Ann Richmond Archives
Nov. 20, 2017—Fifteen Vanderbilt faculty members conducting a range of biomedical and clinical research have been elected fellows of the American Association for the Advancement of Science. Six of the 15 have received funding through the university’s Trans-Institutional Programs initiative, which facilitates research and teaching collaborations across disciplines and are a core pillar of the university’s Academic Strategic Plan.
May. 11, 2017—Vanderbilt University cancer researcher Ann Richmond, Ph.D., 2016 recipient of one of the highest honors for scientific achievement bestowed by the U.S. Department of Veterans Affairs, will be a keynote speaker during a national VA research conference next week at Vanderbilt University School of Medicine.
May. 11, 2017—Ordinary cells can be transformed into cancer cells through epigenetics — changes to DNA that turn genes on or off. Those gene changes can protect cells or make them vulnerable to disease processes including cancer.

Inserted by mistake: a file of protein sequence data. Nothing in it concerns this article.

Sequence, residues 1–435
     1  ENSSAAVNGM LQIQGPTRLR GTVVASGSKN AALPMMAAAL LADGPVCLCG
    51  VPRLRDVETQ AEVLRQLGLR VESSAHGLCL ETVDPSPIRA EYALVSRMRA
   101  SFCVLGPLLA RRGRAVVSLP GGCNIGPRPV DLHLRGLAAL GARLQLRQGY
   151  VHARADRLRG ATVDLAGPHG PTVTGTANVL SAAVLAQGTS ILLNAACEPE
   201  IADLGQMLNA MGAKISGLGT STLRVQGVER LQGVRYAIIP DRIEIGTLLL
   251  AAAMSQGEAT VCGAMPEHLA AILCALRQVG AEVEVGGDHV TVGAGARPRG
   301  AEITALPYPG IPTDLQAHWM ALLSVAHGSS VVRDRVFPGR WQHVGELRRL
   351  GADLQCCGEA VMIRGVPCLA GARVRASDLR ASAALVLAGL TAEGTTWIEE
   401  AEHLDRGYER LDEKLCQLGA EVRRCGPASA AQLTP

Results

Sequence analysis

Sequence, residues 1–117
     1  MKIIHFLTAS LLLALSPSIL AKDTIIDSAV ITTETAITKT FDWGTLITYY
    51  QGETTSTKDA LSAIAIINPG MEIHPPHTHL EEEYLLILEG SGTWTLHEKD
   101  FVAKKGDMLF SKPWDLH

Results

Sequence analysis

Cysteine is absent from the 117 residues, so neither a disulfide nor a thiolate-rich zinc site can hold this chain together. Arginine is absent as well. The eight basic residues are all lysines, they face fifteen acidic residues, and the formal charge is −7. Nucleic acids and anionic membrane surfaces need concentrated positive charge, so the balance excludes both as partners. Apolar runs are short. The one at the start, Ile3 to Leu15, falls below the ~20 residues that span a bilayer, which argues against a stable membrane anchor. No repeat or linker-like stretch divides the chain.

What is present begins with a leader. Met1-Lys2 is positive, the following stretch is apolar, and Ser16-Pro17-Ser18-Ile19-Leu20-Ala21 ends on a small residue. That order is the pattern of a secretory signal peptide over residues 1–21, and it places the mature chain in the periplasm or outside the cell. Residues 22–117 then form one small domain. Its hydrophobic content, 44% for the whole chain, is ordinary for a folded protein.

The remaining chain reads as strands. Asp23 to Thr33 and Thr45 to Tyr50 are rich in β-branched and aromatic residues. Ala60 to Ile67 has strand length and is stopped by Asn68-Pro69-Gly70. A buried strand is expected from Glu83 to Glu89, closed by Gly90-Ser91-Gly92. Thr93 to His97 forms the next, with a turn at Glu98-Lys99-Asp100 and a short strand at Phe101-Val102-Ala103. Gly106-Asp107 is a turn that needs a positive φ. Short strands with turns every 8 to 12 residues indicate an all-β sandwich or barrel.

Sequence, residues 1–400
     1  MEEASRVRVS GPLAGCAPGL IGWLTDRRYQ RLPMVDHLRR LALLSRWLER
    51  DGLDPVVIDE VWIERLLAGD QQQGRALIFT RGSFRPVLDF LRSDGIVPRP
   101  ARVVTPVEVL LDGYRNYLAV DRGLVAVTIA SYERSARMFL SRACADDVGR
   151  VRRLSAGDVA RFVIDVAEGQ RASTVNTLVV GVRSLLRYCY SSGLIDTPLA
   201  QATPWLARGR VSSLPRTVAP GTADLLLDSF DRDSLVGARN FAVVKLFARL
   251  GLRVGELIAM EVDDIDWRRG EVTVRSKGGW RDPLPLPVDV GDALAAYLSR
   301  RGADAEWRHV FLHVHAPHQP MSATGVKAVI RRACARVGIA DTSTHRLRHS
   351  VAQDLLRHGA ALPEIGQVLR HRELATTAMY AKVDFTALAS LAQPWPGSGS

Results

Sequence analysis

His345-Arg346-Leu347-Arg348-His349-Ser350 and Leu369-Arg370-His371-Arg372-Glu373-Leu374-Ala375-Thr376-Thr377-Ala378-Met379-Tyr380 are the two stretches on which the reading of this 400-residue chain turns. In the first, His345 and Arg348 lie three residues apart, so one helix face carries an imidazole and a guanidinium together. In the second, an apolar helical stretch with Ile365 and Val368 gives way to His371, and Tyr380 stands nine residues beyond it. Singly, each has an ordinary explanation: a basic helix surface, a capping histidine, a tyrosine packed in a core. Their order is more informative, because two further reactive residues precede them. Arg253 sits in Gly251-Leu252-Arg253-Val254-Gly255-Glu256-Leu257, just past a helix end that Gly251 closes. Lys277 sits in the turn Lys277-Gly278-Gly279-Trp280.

Oct. 6, 2016—Vanderbilt University cancer researcher Ann Richmond, Ph.D., has won the 2016 William S. Middleton Award, the highest honor for scientific achievement bestowed by the Biomedical Laboratory Research and Development Service of the U.S. Department of Veterans Affairs (VA).
Jan. 8, 2015—Melanoma is the most lethal form of skin cancer, with high mortality rates. While new drugs have been approved to treat the disease, patients nearly always develop resistance to the therapies and the cancer advances.
Aug. 22, 2014—An international expert on slavery and emancipation during the 18th and 19th centuries was awarded the prestigious Earl Sutherland Prize for Achievement in Research during Vanderbilt University’s Fall Faculty Assembly.
May. 29, 2014—Despite a challenging health care landscape, Vanderbilt University Medical Center continues to advance the highest-quality patient care, train the next generation of physician leaders and push forward the frontiers of biomedical science.